Shortly after arriving, we became the 587th Command & Guidance Squadron and the Matador was our missile. We were assigned to different areas to set up the guidance systems for the missiles. We went to Wheelus Air Base, in Tripoli, Libya, twice a year to fire a missile and test the guidance system.
My time at Sembach was very enjoyable, I met a lot of great people, both American and German. Sure wish I could see them all again. I lived in the barracks right behind the service club which was handy to most everything.
Hope this note reaches someone who was there at this time,
June, 1956 - Dec, 1957."
Bill Baney, Decatur, IL. (BANEYWM@msn.com)
38th Tactical Missile Wing Headquarters
Sembach Air Base, Germany, 1962
Photograph courtesy of Thomas Seelig
"Our Mace And Matador Missiles Ready To Guard Freedom In Germany, Europe And The Entire Free World, Are Themselves Guarded Around The Clock. Shown Here, They Are Guarded By Teams Of Men And Police Dogs Patrolling The Area Through The Night.This Was A Phase Of Air Force Operations I Felt Important Enough To Portray As Dramatically As Possible. To This End, I Used Strong Color Contrasts, Powerful Sweeping Brush Strokes And A Dynamic Composition To Create This Scene Of Impending Unleashed Might."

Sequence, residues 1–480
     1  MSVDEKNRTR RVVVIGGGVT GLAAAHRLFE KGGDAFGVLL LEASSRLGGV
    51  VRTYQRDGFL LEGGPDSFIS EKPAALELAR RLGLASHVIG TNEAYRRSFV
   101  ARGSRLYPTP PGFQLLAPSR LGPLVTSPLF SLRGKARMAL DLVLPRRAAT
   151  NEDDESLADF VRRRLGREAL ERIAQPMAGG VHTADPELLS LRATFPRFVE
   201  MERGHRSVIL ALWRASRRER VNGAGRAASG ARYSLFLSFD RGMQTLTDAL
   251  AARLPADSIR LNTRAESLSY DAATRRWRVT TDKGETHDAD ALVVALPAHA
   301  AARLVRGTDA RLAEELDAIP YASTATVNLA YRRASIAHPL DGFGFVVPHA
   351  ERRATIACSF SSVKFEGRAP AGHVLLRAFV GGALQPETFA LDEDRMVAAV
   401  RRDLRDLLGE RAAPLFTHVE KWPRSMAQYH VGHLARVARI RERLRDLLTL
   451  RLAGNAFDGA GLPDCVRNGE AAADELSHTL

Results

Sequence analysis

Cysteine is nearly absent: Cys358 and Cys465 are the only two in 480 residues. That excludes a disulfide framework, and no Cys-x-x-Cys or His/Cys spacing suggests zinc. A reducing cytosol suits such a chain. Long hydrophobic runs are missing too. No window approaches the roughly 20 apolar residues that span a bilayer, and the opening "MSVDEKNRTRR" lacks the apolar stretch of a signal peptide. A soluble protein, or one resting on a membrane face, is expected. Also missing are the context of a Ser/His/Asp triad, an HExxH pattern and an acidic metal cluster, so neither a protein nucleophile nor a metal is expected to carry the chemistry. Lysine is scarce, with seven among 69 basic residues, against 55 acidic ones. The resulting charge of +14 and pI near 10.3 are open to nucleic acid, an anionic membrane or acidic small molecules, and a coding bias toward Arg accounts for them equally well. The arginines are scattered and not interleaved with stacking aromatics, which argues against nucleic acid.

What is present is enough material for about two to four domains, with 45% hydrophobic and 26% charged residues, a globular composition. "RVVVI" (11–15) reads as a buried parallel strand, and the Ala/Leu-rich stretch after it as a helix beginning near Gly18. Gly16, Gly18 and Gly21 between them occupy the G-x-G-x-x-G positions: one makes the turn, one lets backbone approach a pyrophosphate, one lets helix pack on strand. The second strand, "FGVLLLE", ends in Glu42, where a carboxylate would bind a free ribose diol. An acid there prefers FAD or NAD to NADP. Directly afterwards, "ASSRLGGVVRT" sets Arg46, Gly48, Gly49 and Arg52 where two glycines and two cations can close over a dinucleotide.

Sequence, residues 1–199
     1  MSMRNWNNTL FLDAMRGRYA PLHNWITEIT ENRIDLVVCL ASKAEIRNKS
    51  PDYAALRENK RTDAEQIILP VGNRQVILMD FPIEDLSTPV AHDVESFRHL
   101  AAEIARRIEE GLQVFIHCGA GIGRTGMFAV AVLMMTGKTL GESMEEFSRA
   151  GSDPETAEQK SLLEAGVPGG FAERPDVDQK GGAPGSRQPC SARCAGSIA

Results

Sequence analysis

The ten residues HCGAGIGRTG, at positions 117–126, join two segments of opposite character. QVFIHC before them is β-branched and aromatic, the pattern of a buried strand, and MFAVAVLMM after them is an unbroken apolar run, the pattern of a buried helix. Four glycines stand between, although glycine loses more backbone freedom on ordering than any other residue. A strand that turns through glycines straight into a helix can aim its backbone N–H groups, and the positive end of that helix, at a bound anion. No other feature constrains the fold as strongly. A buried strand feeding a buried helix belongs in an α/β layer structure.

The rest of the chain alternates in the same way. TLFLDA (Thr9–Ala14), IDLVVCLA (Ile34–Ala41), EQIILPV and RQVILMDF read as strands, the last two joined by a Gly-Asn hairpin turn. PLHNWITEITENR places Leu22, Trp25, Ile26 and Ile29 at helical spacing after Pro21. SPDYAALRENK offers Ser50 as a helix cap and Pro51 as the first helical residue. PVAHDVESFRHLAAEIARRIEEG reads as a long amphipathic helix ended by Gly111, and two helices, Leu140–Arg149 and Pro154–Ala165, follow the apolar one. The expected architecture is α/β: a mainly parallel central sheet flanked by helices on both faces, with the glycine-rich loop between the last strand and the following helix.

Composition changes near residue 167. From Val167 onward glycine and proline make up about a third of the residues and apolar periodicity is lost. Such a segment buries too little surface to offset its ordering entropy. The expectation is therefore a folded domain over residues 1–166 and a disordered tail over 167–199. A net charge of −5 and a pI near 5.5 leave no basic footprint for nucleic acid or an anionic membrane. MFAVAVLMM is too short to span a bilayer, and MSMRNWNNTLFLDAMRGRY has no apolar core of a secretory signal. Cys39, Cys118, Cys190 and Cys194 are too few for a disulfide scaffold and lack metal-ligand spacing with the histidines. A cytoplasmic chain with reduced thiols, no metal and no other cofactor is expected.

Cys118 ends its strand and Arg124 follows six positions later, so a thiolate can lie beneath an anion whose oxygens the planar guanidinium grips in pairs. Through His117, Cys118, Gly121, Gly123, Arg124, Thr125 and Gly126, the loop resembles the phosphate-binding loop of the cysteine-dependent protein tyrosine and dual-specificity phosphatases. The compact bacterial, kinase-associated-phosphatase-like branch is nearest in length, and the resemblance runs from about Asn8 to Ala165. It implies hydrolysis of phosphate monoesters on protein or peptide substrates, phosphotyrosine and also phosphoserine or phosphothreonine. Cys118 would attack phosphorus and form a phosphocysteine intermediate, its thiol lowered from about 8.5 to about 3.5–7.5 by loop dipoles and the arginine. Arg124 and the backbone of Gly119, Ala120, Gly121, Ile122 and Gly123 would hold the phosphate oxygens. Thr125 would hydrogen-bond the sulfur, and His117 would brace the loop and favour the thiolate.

MISSILE GUARDS - SEMBACH, GERMANY
Artist: Donald Moss
The 38th Tactical Missile Wing TM-76 "A" Show Bird.
Photo by John W. Cook SMSgt, USAF, (Ret) (Cookieman1@cox.net)
"While Touring Defense Bases In Germany, The Sight Of These Missiles Cradled On The Launching Mechanisms Struck Me As Symbolic Of Our Defense Of Eyrope. The Aircraft Streaking Through An Almost Eternally Clouded Sky And The Old German Village Nestled In The Background Complete The Picture.Paradoxically, While The German Farmers Go About Their Business Of Tending The Fields, USAF Personnel Thousands Of Miles From Their Own Homes Are Engaged In The Grim Business Of Constant Nuclear Vigilance."
MACE MISSILES - SEMBACH, GERMANY
Artist: Donald Moss
The above Sembach Sentinel photograph courtesy of Bernie Ganshert, Msgt, USAF,(Ret) (email@example.com)
25 September 1966 - The "A" Birds come off target, and are temporarily stored, minus wings, before being shipped back to the U.S. and duty as drones at Eglin AFB in Florida. The shut down of the 38th TMW and the MGM-13A did not affect the 71st Tactical Missile Squadron at Bitburg which transferred to the 36th Tactical Fighter Wing and maintained the CGM-13B until 30 April 1969.